Loyalty appears to be conditional, potentially driven by circumstances rather than genuine allegiance. Employees might feel the need to rationalize layoffs to maintain a sense of purpose and belonging.

Trust is heavily impacted by the layoffs, with perceived breaches of psychological contract and skepticism towards leadership's decision-making capabilities.

Any loyalty that does remain is on shaky ground because it is without a foundation of trust. Trust needs to be addressed for loyalty to be meaningful and sustainable.

The Interplay Between Loyalty and Trust

Retained employees might display loyalty due to necessity, but it is likely a facade without trust. Such loyalty might lead to disengagement and quiet quitting.

Trust is a necessary precursor for genuine loyalty. When trust is damaged, loyalty can become transactional, based on the immediate benefits provided by the employer rather than a deep commitment to the organization. Our sentiment data concludes that while there may be an increase in loyalty post-layoff, layoffs can lead to a breach of the psychological contract, causing a profound loss of trust and a sense of insecurity among the remaining employees.

Rebuilding Trust and Loyalty

There is no question that the negative impact of layoffs can permeate into company culture for a very long time, especially without specifically addressing the trust and loyalty dynamics. In essence, the layoff aftermath is characterized by a fragile increase in loyalty due to the perceived necessity, which might not stem from true allegiance. Trust, on the other hand, has been significantly eroded by the way layoffs were handled, and needs to be rebuilt to regain genuine loyalty among retained employees.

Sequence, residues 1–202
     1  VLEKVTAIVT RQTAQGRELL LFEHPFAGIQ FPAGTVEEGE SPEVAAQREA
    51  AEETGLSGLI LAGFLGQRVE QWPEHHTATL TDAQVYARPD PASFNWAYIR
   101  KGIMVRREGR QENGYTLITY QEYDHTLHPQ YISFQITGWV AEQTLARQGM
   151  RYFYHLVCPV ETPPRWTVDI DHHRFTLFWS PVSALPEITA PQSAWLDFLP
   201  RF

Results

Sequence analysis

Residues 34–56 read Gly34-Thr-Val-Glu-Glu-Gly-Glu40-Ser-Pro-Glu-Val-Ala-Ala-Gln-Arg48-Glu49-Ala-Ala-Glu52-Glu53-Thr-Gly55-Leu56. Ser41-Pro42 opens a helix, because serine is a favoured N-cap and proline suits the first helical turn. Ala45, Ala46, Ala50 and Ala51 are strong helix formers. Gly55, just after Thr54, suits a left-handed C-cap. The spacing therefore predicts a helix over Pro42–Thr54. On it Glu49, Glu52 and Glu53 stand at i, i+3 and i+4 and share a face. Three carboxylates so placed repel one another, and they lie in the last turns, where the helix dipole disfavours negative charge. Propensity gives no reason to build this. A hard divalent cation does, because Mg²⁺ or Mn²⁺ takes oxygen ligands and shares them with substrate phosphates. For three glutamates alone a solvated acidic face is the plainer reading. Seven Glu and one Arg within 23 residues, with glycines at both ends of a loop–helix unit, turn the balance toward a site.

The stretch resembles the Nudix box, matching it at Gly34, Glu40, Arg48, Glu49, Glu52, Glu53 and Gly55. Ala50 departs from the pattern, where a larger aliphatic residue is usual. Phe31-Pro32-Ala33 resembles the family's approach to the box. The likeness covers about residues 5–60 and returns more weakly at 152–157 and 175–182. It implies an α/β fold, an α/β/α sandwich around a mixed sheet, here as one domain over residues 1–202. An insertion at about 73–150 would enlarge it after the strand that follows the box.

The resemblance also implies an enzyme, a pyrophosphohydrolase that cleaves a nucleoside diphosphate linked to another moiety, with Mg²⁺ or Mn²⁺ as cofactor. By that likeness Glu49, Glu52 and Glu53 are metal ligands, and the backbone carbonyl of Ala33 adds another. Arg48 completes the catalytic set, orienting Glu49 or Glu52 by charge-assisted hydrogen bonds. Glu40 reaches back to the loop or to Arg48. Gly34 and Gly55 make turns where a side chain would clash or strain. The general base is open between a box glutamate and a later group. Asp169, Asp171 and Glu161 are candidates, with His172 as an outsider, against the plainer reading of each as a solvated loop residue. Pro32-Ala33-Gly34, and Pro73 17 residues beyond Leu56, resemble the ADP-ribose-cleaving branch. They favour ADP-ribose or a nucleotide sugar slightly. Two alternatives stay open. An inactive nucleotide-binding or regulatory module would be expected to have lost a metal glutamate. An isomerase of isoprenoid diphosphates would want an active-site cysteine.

To minimize the negative impact on trust and loyalty, organizations must focus on transparent communication, decision-making that is fair and consistent, and genuine efforts to offer psychological safety and align with core values.

Without rebuilding trust, loyalty among retained employees may be superficial and temporary.


So how can leaders address the balancing of both loyalty and trust after layoffs? Here are a few takeaways to consider:

  1. Prioritize psychological safety: Create an environment where employees feel safe expressing their concerns and ideas without fear of retribution. This provides significant ways to help restore trust and encourage open communication.

  2. Focus on clear and transparent communication: Ensure there are open lines of communication about the state of the company and future plans, which helps reduce uncertainty and builds trust. Gathering frequent feedback is a must from all levels.

  3. Commit to consistent and fair decision-making: Ensure that all decisions, especially those affecting employees directly, are made fairly and consistently, which can reinforce trust in leadership.

  4. Double down on authentic recognition and appreciation: Regularly recognize and appreciate the efforts and contributions of remaining employees. This can bolster loyalty and morale during uncertain times.

  5. Ensure and elevate ways to support professional growth: Ensure employees are aware and can access opportunities for professional development and growth. This shows a commitment to employees’ careers, enhancing both loyalty and trust.

Layoffs bring challenges to company culture, including employee trust and loyalty impacts. Therefore it is the responsibility of leadership to not assume the appearance of loyalty even if trust is lower. By seeking to understand and find ways to build back these important tenets are critical to move forward as an organization.


Dr. Pam Cohen, Chief Research and Product Officer,